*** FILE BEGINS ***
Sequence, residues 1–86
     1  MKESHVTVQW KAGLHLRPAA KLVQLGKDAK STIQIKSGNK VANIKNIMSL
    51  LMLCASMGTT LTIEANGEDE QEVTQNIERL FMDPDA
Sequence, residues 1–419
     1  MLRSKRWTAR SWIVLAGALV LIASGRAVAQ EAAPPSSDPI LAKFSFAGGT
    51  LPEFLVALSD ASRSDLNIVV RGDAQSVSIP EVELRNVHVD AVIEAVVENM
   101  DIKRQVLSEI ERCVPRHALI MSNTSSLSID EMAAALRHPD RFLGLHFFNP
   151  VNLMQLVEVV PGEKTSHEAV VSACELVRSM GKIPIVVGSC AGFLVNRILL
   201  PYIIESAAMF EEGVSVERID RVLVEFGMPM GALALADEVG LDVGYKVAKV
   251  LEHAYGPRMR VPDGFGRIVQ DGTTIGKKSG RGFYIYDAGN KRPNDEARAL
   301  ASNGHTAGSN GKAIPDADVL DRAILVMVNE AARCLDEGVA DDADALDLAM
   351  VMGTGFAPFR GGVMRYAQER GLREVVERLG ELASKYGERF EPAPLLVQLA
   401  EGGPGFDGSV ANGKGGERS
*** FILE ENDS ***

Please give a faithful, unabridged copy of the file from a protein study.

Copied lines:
Sequence, residues 1–86
     1  MKESHVTVQW KAGLHLRPAA KLVQLGKDAK STIQIKSGNK VANIKNIMSL
    51  LMLCASMGTT LTIEANGEDE QEVTQNIERL FMDPDA
Sequence, residues 1–419
     1  MLRSKRWTAR SWIVLAGALV LIASGRAVAQ EAAPPSSDPI LAKFSFAGGT
    51  LPEFLVALSD ASRSDLNIVV RGDAQSVSIP EVELRNVHVD AVIEAVVENM
   101  DIKRQVLSEI ERCVPRHALI MSNTSSLSID EMAAALRHPD RFLGLHFFNP
   151  VNLMQLVEVV PGEKTSHEAV VSACELVRSM GKIPIVVGSC AGFLVNRILL
   201  PYIIESAAMF EEGVSVERID RVLVEFGMPM GALALADEVG LDVGYKVAKV
   251  LEHAYGPRMR VPDGFGRIVQ DGTTIGKKSG RGFYIYDAGN KRPNDEARAL
   301  ASNGHTAGSN GKAIPDADVL DRAILVMVNE AARCLDEGVA DDADALDLAM
   351  VMGTGFAPFR GGVMRYAQER GLREVVERLG ELASKYGERF EPAPLLVQLA
   401  EGGPGFDGSV ANGKGGERS